On March 13th, Growing Warriors and Grow Appalachia held a high tunnel workshop at the home of Joseph and Heather Fields from Berea. “Joey” is a veteran of three (3) service tours in Iraq. Along with his wife Heather their young son (and one on the way) they are step by step developing their homestead into a sustainable production farm and a revenue generator that would allow Joey to spend more time on the homestead.
The days’ weather was challenging – with snow all morning and wind gust of 20 mph – we had concerns about how many participants would show up. Our worries were soon alleviated when by noon we had close to 70 people in attendance!
We actually started the construction on the previous Monday in a cold steely rain. Fortunately for Growing Warriors there happen to be a dozen or so service learning students from Notre Dame University looking for something to do – they enjoyed their spring break a little differently than most college students!
Behind the camera of the above pictures is a true Grow Appalachia hero – Candace Mullins. Candace has worked hard this spring to make sure things run smoothly at the Grow Appalachia home base. She also put some muscle into getting this high tunnel framed up. Thanks Candace!!
Once we got going and reached the point that we needed to pull plastic the wind decided to gust around 20 mph and we could all picture mother nature giggling a little as we tried to get set up. Fortunately for us we had a team of 70 and they were going to make it happen regardless of a “little” wind.
First we set up on the up-wind side of the tunnel
Next, folks on this side set their feet on the plastic against the base and the second crew was ready on the opposite side to catch the plastic. As we picked up the plastic a big gust of wind came along and the command of “LET GO” was sounded and…..
As easy as that! We obviously all walked around with our heads up high (like we meant to do it just like that. Ha)
Once the plastic was over and attached people quickly realized how warm it was inside of the yet to be finished high tunnel. The discussion and fellowship retreated inside.
On a tangent here: I had the opportunity to attend a faculty and staff meeting at Berea College recently and heard Dr. Lyle Roelofs -the new president of Berea College – discuss his interest in supporting not only college projects but community building projects and outreach as well. So It should not have been a surprise when …….
It was so great to see Dr. Roelofs inside the tunnel- showing his support – and building community good will. Here Dr. Roelofs is pictured with military veteran Mike Lewis and Kentucky Department Of Agriculture representative Ben Shaffar.
Thank You Dr. Roelofs for your support!!
Another welcomed face was Janet Meyer of the Berea College Organic Farm. Janet held a discussion – inside the tunnel of course – regarding the techniques and challenges of growing in a high tunnel.
Janet discussed the ups and downs of production from spacing to disease issues and beyond that the true challenges to growing within organic standards. If anyone knows successful high tunnel production it is local farm hero Janet Meyer. Thank you Janet for your dedication and support in this endeavor.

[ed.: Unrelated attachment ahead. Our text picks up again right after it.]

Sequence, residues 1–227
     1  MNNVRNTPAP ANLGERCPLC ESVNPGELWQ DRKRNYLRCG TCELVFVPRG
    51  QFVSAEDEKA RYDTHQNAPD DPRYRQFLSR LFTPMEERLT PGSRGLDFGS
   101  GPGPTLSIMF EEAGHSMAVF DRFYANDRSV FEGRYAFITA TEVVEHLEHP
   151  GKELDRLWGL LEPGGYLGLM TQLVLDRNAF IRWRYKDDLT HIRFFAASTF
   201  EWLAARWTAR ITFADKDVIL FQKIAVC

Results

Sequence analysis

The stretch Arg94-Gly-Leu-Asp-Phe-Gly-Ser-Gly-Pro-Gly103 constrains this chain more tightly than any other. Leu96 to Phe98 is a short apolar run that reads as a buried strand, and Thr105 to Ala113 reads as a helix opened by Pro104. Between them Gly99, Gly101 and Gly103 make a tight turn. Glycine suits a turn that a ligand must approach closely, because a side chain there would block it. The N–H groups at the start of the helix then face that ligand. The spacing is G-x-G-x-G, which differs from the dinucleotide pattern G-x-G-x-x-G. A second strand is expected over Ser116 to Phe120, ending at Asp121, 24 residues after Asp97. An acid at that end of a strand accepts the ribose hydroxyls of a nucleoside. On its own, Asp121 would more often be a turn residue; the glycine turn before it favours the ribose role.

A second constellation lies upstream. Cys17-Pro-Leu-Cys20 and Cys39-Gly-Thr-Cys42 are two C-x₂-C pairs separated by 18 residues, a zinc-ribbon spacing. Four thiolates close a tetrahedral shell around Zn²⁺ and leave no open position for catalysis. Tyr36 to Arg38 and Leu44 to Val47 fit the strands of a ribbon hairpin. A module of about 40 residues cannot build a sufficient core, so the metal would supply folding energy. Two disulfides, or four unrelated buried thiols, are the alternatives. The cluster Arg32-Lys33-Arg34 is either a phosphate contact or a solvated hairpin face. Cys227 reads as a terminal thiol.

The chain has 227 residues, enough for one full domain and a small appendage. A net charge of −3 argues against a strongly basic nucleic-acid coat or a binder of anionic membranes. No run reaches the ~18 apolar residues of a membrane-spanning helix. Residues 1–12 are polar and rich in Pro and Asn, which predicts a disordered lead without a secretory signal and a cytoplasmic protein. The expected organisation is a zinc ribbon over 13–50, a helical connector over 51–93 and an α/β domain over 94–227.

If you look over Janet’s left shoulder in the light blue coat is Carolyn Gahn of CFA and the Agriculture legacy initiative. The Agriculture Legacy Initiative is a program to connect resources with new and beginning farmers in our region. Carolyn was a huge part of making this workshop happen and we certainly want to thank Carolyn and Community Farm Alliance for their involvement and support.
Now the treat of the day!! Fresh Fried Fish Fillets (can you say that five times really fast:)) Golden Brown Hush Puppies and crispy crinkle cut fries. A hot meal on a cold day, glorious! Those of you who think this is unhealthy, well…. OK but in moderation it is worth it!
Wayne Riley and his team showed up in full force and stocked with everything including the kitchen sink!!
The Laurel County African American Heritage Center was so gracious to sponsor and support this workday. Wayne and his team of merry men and women worked through the challenges of gusty wind blowing out their burners, periodic snow flurries in the fryer..watch out!.. and a group of 70 hungry and cold people lurking around the fryers like a puppy under foot waiting for Wayne to accidentally drop a hush puppy or fish fillet.
Thank you Wayne and the team from The African American Heritage Center, this couldn’t have been done with out you.
I think you all know the guy on my left and Dr. Roelofs right. David Cooke the man with a plan. I do not need to say much about David his actions in central Appalachia say it all. A true pioneer in the work to help central Appalachia’s people find solutions to everyday challenges and inspiring folks to achieve the skills and entrepreneurial attitudes to achieve the quality of life they so desire.
So all in all a fantastic day. We were beat but satisfied, many individuals left with a smile on their face, a belly full of food and a new set of skills to ponder. A success by any measure.
A few more thanks, John Hancock of Agribility, Amanda Sears – Madison County Extension office, Joseph and Heather Fields for putting up with us, and Deena Wheby from National Resource Conservation Service
Thanks to all,